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Local News

  • Banta hired as an assistant VP of Citizens Deposit Bank

    Henry County native Zach Banta loves coming back home and working in the county he’s from.

    Citizens Deposit Bank recently hired Banta as a business development officer and the assistant vice president of the Eminence branch. Banta graduated from Henry County High School in 2003. He graduated from UK in 2007 where he majored in telecommunications with a minor in business.

    “I had been working at Citizens Union Bank in Shelbyville and I am really glad to come back home and to the community I grew up in,” Banta said.

  • ‘It goes to a good cause’

    Tim Casey always wondered where his donation money for the American Cancer Society went.

    In January, Casey went to the emergency room after experiencing an exorbitant amount of pain and swelling in his stomach. The hospital kept him. Four days later test results indicated he had biliary cancer.

    “They did an X-ray, biopsy and blood test,” Casey said. “I had worked the day before and I have never been really sick a day in my life. I was shocked.”

  • Martin hearing to focus on hard drives

    A suppression hearing in the case of a Turners Station man charged with rape will include testimony about evidence found on computer hard drives.

    In 2011, Joseph Martin, 39, was charged with illegally having sex with a minor over the course of three years.

    In February, Commonwealth’s Attorney Courtney Baxter indicated in a Henry Circuit Court hearing that she would bring new charges against Martin based in part on child pornographic images found on computer hard drives.

  • Clubb switches to prosecutor

    Josh Clubb always knew he wanted to be an attorney, but didn’t know he would one day serve as Henry County’s first assistant commonwealth attorney.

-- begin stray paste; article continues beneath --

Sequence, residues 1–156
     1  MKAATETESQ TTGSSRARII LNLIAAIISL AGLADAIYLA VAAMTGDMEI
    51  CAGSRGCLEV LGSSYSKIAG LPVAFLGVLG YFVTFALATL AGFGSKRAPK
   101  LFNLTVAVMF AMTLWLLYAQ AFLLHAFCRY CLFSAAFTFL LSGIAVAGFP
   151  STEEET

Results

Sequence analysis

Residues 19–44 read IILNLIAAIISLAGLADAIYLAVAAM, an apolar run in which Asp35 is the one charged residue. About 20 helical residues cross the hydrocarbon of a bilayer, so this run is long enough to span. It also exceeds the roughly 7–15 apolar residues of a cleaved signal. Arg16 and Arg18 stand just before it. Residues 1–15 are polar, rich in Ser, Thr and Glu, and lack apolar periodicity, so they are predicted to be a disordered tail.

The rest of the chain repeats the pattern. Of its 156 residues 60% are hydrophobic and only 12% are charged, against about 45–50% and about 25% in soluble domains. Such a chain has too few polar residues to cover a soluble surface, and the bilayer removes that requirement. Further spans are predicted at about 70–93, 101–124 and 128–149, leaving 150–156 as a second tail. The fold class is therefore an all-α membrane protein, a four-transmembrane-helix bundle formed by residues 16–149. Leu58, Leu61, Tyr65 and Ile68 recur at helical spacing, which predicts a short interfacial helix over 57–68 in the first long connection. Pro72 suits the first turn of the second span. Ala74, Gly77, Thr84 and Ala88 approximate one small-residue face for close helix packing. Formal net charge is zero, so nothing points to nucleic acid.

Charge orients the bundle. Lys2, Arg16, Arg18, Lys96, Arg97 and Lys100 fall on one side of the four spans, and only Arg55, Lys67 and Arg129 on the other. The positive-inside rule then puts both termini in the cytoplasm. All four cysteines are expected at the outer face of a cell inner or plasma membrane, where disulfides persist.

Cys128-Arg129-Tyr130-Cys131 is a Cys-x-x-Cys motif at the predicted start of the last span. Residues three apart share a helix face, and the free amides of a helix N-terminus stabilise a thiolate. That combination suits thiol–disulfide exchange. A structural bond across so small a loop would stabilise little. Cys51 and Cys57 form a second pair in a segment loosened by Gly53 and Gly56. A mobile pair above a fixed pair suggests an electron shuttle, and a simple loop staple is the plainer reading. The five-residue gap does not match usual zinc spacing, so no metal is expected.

Kentucky Commonwealth Attorney Courtney Baxter hired Clubb as an Assistant Commonwealth’s Attorney of the 12th judicial district. Judge Karen Conrad swore him in on Feb. 28. Clubb officially started his position on March 1.

  • Comer: Hemp is not controversial

    Ag in Kentucky is economic development.

    That’s Kentucky Commissioner of Agriculture James Comer’s position.

    “Ag is the perfect industry to look at as we plan for the next 20 years of economic development in Kentucky,” he said during the annual Rotary-Farm-City lunch Monday.

  • A quick snow shower

    Parts of Central Kentucky were hit with a brief snow storm Sunday afternoon. A snowy scene from a farm on Bethlehem Road.
    Kentucky State Police worked 19 noninjury accidents Sunday, including one on U.S. 421 north of New Castle and three injury accidents.
    By Tuesday, most of the snow had melted.

  • Take 5

    Basic bio

    Loyal Pittsburgh Steelers fan since the 1970s.

    Campbellsburg Elementary Principal for nine years.

    Played football, basketball, baseball and track in High School.

    EKU bachelor’s in physical education and health.

    Georgetown University for master’s in secondary education.

    EKU Rank 1 for principal.

    Johnson’s dad also served as a principal of Sulphur and Campbellsburg Elementary.

     

    Tell me about your evolution of dance video on YouTube?

  • A work in progress

    Bobby and Janet King want to bring the past to the present.

    The couple purchased the Main Street building in New Castle where the Tumble Time studio was located in December as a present to each other. The Kings  renovated the upstairs 1,100 sq. ft. apartment to its former 19th century splendor along with modern amenities that could compete with any downtown Louisville loft. Janet King said this is just stage one.

  • Residents speak against demolition

    City residents attended, a tense yet civil, Eminence City Council meeting with concerns of preservation and progress in their town.

    Eric Whisman, education and outreach coordinator for Preservation Kentucky, and Lance Minnis, Eminence resident and financial advisor, asked the council to request a 90-day stay of demolition for the Eminence Deposit Bank and the former Kings Auto Parts buildings that are on the National Historic Registry.

  • Sholar has a passion for people

     

    Clyde Sholar had an appreciation for people and a desire to care for them at an early age. His passion grew into numerous professions doing the same.

    Most residents in Henry County know Sholar as co-owner of the funeral home in Pleasureville, but last year he retired from the National Guard and United States Geological Survey as an emeritus scientist with honors commemorating his work as a pioneer in safety protocol.